- Marie Fallon,
- Bill O'Neill
Prevalence of constipation
Infrequent hard stools
Feeling of incomplete evacuation
Symptoms of complications
Nausea and vomiting
Constipation can be defined as the passage of small hard faeces infrequently and with difficulty. Constipation is more common in patients with advanced cancer than in those with other terminal diseases, and many of the associated symptoms may mimic features of the underlying disease. About half of patients admitted to specialist palliative care units report constipation, but about 80% of patients will require laxatives.
Assessment of constipation
Assessment of constipation must include establishing in what way the present pattern of bowel movements is different from the normal pattern and a physical examination, including general observation, abdominal palpation, and rectal or stomal examination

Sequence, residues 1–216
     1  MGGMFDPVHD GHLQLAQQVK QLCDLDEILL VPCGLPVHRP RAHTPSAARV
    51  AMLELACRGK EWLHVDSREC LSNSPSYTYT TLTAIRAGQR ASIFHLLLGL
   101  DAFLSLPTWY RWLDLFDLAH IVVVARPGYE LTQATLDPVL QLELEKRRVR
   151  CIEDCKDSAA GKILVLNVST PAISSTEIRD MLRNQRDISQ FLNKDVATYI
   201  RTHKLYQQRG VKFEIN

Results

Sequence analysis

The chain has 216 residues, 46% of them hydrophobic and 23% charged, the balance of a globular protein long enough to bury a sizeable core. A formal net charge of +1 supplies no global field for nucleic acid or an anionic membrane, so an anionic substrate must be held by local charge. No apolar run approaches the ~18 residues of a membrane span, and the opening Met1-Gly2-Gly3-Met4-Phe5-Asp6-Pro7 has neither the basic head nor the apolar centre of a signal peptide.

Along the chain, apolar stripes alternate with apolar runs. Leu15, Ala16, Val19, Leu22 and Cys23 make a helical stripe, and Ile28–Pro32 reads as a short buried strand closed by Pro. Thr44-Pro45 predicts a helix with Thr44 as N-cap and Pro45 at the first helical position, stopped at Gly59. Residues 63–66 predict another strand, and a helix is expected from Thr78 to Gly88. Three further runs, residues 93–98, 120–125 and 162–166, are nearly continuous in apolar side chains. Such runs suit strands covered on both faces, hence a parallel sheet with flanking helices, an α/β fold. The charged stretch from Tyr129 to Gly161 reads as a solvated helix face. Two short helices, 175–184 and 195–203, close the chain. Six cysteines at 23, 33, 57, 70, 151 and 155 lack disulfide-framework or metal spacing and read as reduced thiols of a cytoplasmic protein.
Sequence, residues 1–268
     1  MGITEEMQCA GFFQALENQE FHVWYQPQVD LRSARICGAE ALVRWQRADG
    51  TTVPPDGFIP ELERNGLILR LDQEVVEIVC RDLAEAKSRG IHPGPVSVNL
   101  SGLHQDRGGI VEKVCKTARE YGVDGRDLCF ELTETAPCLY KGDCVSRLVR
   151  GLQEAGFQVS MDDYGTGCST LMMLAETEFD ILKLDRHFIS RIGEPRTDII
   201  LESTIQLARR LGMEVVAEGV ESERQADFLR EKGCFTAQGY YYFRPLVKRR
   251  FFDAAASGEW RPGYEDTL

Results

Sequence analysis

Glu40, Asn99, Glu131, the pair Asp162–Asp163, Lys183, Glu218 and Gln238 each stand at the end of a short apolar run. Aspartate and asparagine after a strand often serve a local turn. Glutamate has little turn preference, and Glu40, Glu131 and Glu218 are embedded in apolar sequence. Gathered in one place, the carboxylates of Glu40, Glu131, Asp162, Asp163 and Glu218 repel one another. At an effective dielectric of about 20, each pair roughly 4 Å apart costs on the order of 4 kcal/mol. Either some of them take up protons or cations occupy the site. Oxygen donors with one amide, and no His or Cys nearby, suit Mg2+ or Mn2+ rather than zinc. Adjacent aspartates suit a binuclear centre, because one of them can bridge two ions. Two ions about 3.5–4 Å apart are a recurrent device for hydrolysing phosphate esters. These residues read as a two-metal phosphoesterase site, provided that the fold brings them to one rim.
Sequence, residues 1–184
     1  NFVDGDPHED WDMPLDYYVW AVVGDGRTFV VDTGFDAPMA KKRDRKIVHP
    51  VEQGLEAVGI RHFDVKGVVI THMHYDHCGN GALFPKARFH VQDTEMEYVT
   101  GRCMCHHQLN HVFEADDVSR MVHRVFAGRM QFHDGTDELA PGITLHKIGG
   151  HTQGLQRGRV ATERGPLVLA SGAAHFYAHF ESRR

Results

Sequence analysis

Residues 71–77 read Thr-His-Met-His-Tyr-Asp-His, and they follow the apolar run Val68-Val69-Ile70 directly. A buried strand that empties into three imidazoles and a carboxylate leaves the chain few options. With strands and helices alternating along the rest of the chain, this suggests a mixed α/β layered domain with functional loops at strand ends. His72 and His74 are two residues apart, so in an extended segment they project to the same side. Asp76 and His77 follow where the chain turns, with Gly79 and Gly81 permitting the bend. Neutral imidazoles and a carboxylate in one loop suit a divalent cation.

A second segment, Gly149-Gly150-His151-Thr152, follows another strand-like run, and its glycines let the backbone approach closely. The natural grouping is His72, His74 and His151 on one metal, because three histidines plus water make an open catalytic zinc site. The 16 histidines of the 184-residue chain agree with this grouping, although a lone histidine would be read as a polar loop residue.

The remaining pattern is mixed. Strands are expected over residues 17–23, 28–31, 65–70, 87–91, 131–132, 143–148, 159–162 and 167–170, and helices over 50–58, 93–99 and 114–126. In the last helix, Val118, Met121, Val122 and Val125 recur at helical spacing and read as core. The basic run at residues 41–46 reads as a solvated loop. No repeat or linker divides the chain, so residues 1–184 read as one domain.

An accurate history is essential for effective management. Inquiry should be made about the frequency and consistency of stools, nausea, vomiting, abdominal pain, distention and discomfort, mobility, diet, and any other symptoms. In patients with a history of diarrhoea, care should be taken to distinguish true diarrhoea from overflow due to faecal impaction.
Careful questioning about access to a toilet or commode is important. Limited mobility may mean that using the toilet or commode is avoided. Other issues, such as lack of privacy or the need for nurses or carers to help with toileting, can exacerbate constipation.
A constipated patient may have malodorous breath, or the smell of faecal leakage may be obvious. Bacterial degradation of hard stools can result in leakage, of which the patient has no warning. General observation may reveal that a patient is in pain, confused or disorientated, or unable to reach the toilet. Abdominal distension, visible peristalsis, and borborygmi can suggest obstruction.
Palpation may reveal an easily palpable colon with indentable and mobile (and rarely tender) …